Whew! It seems as if I’ve been working on this for weeks, but I finally completed an essay for my Killer Covers blog about the underappreciated 20th-century American detective novelist, Thomas B. Dewey.
Although that article focuses to a large extent on this author’s 1962 detective Pete Schofield novel, the screwballish Go, Honeylou, I was curious enough about Dewey to investigate his entire fiction-writing career. Not only did he compose the Schofield books, the action in which takes place mostly in California, but he’s probably best known for a somewhat more serious (and also longer) series of books featuring the single-monikered Mac, a former Chicago cop who, after being forced out of the department for being too honest, remakes himself as a private eye in the Lew Archer mold. Before he created those characters, however, Dewey developed stories around a bibliophilic amateur sleuth named Singer Batts, a sort of underfed and Midwestern Nero Wolfe.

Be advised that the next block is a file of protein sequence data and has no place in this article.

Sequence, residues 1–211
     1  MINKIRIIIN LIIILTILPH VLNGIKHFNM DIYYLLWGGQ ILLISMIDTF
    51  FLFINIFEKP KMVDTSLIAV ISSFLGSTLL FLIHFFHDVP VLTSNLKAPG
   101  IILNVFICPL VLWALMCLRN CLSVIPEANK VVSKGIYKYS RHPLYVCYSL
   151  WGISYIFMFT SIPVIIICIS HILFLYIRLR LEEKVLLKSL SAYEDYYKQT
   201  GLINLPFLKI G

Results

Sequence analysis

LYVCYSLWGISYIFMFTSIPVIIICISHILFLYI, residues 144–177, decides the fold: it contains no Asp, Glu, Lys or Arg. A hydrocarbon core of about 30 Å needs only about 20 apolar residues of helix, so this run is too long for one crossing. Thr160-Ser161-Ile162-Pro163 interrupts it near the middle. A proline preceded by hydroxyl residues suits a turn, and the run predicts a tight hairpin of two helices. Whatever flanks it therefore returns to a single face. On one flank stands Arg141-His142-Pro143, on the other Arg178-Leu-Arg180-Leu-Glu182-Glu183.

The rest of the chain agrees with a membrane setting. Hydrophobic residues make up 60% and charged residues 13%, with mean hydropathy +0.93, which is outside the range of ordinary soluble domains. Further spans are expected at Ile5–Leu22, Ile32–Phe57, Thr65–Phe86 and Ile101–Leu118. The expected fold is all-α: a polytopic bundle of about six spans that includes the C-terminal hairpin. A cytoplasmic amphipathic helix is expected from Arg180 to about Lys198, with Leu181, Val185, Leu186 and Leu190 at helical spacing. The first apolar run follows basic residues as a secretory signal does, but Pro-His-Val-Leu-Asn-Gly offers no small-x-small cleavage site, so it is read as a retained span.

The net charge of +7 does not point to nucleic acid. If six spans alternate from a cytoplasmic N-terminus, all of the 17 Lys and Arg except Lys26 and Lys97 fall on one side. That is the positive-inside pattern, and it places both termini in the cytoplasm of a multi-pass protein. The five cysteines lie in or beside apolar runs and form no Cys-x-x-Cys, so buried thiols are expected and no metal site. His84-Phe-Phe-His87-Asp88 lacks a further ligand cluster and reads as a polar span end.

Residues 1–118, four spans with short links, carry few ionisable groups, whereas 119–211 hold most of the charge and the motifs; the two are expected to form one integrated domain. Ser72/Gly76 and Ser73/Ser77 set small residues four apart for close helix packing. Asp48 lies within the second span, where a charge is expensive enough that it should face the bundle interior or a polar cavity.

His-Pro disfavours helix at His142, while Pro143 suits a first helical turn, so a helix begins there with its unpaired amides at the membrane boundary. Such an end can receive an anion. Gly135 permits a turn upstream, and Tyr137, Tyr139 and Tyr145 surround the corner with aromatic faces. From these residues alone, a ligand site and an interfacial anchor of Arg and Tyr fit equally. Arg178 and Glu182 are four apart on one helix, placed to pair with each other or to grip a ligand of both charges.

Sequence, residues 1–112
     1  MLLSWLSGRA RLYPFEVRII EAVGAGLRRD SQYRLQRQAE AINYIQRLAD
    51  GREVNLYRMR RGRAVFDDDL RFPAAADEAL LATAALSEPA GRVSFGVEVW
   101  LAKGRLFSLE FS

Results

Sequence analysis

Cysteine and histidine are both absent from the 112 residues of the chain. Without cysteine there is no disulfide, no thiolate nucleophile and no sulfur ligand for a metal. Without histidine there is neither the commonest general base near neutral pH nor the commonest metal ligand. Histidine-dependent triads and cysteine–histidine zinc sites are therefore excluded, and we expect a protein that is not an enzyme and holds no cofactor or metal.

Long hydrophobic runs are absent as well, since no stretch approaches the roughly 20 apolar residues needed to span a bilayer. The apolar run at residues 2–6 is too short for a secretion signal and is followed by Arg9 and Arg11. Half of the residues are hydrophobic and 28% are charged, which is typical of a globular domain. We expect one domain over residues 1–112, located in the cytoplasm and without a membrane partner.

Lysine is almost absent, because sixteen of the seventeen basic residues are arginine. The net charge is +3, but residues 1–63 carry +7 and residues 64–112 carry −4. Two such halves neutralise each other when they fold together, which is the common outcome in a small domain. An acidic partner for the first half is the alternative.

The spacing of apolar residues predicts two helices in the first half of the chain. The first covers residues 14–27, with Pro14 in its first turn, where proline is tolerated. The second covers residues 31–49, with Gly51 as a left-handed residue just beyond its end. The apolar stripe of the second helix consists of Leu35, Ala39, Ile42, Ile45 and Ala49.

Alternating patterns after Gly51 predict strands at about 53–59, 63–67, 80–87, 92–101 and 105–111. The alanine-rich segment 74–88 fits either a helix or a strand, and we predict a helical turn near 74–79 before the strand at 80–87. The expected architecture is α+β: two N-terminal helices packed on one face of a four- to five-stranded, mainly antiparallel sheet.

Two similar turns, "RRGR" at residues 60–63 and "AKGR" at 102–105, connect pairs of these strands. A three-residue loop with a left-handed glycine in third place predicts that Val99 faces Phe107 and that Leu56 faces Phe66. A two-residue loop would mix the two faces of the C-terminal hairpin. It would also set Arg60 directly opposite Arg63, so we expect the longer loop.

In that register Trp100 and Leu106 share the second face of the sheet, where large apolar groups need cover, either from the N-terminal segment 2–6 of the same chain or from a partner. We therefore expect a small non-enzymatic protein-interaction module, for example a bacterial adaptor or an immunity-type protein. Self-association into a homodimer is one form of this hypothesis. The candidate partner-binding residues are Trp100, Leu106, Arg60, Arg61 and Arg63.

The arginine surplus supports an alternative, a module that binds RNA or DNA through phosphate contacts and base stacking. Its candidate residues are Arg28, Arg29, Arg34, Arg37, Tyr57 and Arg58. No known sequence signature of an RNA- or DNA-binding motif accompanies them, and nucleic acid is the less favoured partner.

I’ve tried to cover all of these protagonists, plus the exquisite work of Victor Kalin, one of Dewey’s book illustrators, in Killer Covers. Click here to read the results.